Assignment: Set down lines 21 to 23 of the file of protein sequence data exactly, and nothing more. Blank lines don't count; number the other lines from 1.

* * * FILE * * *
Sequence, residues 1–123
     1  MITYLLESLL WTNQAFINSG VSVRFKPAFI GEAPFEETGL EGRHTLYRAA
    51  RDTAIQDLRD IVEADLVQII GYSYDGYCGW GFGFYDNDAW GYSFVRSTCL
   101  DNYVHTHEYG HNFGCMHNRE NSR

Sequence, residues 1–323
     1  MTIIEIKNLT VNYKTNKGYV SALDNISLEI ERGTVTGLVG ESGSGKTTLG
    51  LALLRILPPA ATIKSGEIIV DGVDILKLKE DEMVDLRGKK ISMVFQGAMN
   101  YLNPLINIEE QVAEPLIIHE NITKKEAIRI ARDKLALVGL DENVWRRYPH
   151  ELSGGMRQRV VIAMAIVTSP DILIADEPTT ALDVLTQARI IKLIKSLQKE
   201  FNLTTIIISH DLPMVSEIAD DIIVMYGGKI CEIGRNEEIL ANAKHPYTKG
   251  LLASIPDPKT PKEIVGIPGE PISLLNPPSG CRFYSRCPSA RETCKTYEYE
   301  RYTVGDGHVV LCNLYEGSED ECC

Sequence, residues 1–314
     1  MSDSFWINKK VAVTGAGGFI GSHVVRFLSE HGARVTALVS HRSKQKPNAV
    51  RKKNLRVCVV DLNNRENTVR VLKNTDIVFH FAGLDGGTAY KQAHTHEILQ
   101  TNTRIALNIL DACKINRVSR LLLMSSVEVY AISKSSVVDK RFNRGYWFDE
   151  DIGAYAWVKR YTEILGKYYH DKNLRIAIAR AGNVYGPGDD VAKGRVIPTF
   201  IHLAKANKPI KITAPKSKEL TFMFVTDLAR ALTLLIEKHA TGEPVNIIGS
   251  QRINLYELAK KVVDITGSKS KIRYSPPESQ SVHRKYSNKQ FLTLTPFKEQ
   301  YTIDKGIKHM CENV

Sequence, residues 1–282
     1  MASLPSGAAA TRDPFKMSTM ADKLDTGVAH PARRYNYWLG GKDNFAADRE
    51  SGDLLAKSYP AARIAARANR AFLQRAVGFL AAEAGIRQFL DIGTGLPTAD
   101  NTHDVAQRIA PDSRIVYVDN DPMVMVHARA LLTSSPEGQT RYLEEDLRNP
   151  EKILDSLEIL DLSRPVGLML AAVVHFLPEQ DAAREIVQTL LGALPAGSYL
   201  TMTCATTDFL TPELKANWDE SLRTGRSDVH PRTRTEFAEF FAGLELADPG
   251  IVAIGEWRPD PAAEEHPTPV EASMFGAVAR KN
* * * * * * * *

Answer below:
Sequence, residues 1–282
     1  MASLPSGAAA TRDPFKMSTM ADKLDTGVAH PARRYNYWLG GKDNFAADRE
    51  SGDLLAKSYP AARIAARANR AFLQRAVGFL AAEAGIRQFL DIGTGLPTAD